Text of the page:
Reading this, you can see why Gamine’s founder, Taylor Johnston, became one of the muses for Red Wing’s new Women’s Collection. Taylor embodies what our new boots are all about—versatile, hard-working but resolutely feminine. As a horticulturist at Boston’s Isabella Stewart Gardner Museum, she isn’t afraid to get her hands dirty and knows the value of durable gear, which is why she wears Red Wing boots. It’s also why she started her own workwear company in 2014 to make honest, hard-wearing clothes for women, products she tests in her greenhouse and which are built to last through years of use.


After studying horticulture and geology as an undergraduate, Taylor earned a Master’s Degree in philosophy, but decided she would get more satisfaction digging in the dirt, so she went back to her first love—gardening. “It’s a job that requires a lot of intelligence and finesse, and working with your hands,” Taylor says about her profession. She adds that making workwear for people in the trades, “brings attention to the types of people who are proud and hold a lot of character.”


We couldn’t agree more. Our new Women’s Collection boots are built with the idea in mind that hard work and beauty are not mutually exclusive. American-made out of durable materials, with a nod to the past but ready for years of service, our boots celebrate those women who like to dig in the dirt—like Taylor Johnston.

The Cooper – Moc Toe, Reimagined

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The Cooper, Style No: 2954 & 2964
The Cooper, Style No: 2954 & 2964


The so called “Moc Toe” is arguably Red Wing’s most famous trait, found on boots dating back to the earliest days of the company. At first favored by sportsmen in the field, our famous Moc Toe 875 and 877 boots were later adopted as the footwear of choice by the  ironworkers and farmhands who were building and feeding America in the middle of the 20th century. Now, a new boot joins this legendary legacy—the Cooper.

Style No. 2964
Style No. 2964


Named for the woodworkers who build barrels and casks, the Cooper takes the classic silhouette of the Red Wing Moc Toe and adds a Vibram 430 Mini-Lug outsole. The Mini-Lug offers a greater measure of traction when you need it—in the mud and snow of the coming season—while keeping a low profile for more refined forays. And the rest of the Cooper is up for it too, with sturdy leathers from our S.B. Foot tannery that shrug off dirt, abrasion and moisture for a lifetime of service. Goodyear welt construction ensures durability and can be resoled as often as you wear them out, which won’t be easy to do, but it’s nice to know.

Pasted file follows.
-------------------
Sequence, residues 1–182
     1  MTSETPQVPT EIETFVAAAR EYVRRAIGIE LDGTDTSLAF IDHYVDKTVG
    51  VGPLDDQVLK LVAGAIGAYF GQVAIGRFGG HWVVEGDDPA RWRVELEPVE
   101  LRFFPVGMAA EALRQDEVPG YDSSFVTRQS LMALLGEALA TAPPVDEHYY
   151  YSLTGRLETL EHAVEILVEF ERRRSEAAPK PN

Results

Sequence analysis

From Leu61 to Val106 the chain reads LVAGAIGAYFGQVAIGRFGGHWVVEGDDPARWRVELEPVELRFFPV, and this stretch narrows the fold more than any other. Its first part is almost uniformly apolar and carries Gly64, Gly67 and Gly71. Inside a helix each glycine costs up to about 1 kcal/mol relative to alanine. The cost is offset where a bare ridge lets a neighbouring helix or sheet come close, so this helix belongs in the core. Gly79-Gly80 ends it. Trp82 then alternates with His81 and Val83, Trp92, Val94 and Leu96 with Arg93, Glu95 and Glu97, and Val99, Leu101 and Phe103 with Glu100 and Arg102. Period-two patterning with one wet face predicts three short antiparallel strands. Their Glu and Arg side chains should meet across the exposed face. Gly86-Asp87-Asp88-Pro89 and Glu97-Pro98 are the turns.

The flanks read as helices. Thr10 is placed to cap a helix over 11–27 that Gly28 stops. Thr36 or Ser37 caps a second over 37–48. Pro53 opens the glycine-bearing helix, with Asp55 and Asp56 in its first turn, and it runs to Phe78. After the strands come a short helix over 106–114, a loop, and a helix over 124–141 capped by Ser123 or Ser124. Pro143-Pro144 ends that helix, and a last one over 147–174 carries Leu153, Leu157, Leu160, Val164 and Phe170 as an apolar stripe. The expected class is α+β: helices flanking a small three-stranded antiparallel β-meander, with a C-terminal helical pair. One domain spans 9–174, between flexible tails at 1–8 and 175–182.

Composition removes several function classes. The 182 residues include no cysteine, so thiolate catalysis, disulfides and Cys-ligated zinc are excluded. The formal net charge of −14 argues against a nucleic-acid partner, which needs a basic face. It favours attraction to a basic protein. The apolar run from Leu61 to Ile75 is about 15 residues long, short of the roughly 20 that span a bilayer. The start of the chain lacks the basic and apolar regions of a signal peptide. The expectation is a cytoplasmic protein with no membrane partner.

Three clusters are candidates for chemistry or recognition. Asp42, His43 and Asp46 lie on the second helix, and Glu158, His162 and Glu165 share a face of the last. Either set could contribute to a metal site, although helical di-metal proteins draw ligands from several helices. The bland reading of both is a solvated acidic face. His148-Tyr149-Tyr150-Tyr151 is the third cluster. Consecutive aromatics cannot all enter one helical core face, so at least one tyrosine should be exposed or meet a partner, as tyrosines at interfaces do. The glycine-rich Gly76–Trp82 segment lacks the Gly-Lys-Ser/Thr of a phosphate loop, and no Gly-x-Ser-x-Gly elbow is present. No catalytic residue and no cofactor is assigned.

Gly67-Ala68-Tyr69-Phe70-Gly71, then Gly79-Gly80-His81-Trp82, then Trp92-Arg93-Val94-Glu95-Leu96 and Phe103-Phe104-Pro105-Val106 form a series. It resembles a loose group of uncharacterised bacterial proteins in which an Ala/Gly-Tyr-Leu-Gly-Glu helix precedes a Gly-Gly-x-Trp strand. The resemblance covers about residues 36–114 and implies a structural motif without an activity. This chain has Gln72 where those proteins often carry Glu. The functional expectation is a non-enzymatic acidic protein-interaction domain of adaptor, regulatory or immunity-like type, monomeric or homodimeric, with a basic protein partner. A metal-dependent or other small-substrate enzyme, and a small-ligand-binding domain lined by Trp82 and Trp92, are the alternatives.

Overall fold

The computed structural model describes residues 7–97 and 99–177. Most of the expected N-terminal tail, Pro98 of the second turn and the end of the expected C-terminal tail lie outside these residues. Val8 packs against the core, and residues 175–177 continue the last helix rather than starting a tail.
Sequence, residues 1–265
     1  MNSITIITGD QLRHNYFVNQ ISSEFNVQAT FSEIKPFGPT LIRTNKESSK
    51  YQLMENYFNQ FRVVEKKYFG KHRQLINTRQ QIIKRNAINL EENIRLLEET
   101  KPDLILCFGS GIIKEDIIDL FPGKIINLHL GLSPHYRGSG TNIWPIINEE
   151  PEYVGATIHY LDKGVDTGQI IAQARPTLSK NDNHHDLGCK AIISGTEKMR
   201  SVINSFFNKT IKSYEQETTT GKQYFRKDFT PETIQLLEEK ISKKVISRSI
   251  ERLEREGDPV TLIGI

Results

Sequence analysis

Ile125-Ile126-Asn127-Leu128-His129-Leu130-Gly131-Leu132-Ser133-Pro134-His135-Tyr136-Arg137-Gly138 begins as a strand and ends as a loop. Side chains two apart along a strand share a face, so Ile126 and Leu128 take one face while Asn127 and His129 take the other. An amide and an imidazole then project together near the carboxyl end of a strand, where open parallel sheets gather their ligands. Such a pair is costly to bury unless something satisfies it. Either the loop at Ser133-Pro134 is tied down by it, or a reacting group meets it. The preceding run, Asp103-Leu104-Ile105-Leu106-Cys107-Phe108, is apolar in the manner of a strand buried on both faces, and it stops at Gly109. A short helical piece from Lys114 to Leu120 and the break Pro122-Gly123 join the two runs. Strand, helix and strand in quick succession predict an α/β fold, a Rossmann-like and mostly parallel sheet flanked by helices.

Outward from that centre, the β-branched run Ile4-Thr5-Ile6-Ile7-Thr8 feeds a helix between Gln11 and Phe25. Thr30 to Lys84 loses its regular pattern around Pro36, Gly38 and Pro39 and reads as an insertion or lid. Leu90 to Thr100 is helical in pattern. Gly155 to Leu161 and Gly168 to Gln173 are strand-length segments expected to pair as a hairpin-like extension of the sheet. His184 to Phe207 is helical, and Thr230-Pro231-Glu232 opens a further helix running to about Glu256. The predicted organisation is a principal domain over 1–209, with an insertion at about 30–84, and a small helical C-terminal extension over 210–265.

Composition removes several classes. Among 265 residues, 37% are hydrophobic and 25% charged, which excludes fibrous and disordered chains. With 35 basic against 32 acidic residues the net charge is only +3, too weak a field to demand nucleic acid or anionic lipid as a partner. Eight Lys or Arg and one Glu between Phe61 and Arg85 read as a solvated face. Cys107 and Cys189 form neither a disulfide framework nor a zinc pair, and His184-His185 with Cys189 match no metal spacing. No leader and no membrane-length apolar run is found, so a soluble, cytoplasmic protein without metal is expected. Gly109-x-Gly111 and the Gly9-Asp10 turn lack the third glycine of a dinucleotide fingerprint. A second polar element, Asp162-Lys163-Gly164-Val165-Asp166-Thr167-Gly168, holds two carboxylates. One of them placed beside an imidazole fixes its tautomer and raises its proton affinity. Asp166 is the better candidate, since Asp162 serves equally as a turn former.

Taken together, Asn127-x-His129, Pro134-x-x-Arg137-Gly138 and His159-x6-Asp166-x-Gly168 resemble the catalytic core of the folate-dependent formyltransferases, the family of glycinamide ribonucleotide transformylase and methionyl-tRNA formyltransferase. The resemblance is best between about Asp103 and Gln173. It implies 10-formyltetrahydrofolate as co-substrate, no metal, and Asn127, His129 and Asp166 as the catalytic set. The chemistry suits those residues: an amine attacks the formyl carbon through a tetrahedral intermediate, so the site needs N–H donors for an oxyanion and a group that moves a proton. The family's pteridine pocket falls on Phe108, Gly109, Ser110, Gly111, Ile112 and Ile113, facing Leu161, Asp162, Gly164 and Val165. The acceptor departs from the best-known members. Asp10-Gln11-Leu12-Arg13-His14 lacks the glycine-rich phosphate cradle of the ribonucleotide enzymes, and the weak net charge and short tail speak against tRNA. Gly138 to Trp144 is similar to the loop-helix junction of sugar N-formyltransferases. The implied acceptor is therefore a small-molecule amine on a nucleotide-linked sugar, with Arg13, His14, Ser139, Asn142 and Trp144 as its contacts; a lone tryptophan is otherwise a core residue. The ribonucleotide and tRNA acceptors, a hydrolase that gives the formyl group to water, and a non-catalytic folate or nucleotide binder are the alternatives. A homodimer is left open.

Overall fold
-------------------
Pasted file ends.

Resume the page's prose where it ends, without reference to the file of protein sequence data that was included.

Style No. 2954
Style No. 2954


The Cooper is available in Amber Porter and Black Harness leather, civilized enough for the office, rugged enough for weekends at the cabin. It’s the iconic Red Wing Moc Toe boot, reimagined.



Faces of Red Wing | David Mahaffey

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David Mahaffey is part of a dying breed. In a time of specialist, he is a generalist, a true renaissance man. David grew up woodworking and playing sports in rural West Texas, spent time in the Navy, studied and taught at Harvard and traveled around the world shooting photos for Polaroid before settling in Napa, CA at the age of 30 to “drive a tractor”. He taught himself how to grow grapes and make wine and 38 years later he produces some of the most delicious and unique Pinot Noir, Chardonnay, Cabernet Sauvignon and Syrah in the Country.

David’s victorian home in downtown Napa is surrounded by fruiting trees and with a backyard garden producing various types of greens, tomatoes, beans, peas and root vegetables. In the corner is a redwood hot tub that he built which is, of course, heated by solar panels seated on the roof of his woodshop. In the woodshop you’ll find antique tools belonging to his father and grandfather, a lathe that could turn a tree trunk and the starting of custom guitar. Across an apple tree from the wood shop is a traditional Japanese style cabin free of metal hardware. He built it with pegs so that he could, conceivably, deconstruct it at some point if it need to be moved. The floor is made of meticulously placed wine corks on end.

A life of learning and nonstop inspiration seems to be David’s goal and it shows in his work. He farms a rocky, windy hillside vineyard constantly battling various wild animals eager for that sweet nectar of the Organic grape vines of the Olivia Brion Vineyard. 2016 will be David’s 36th vintage as he began in 1980 and his experience shows in the quality of the wine that very uniquely represents the characteristics of this special site.


You seem to be quite the Renaissance man. What are your top 5 favorite ways to spend your time?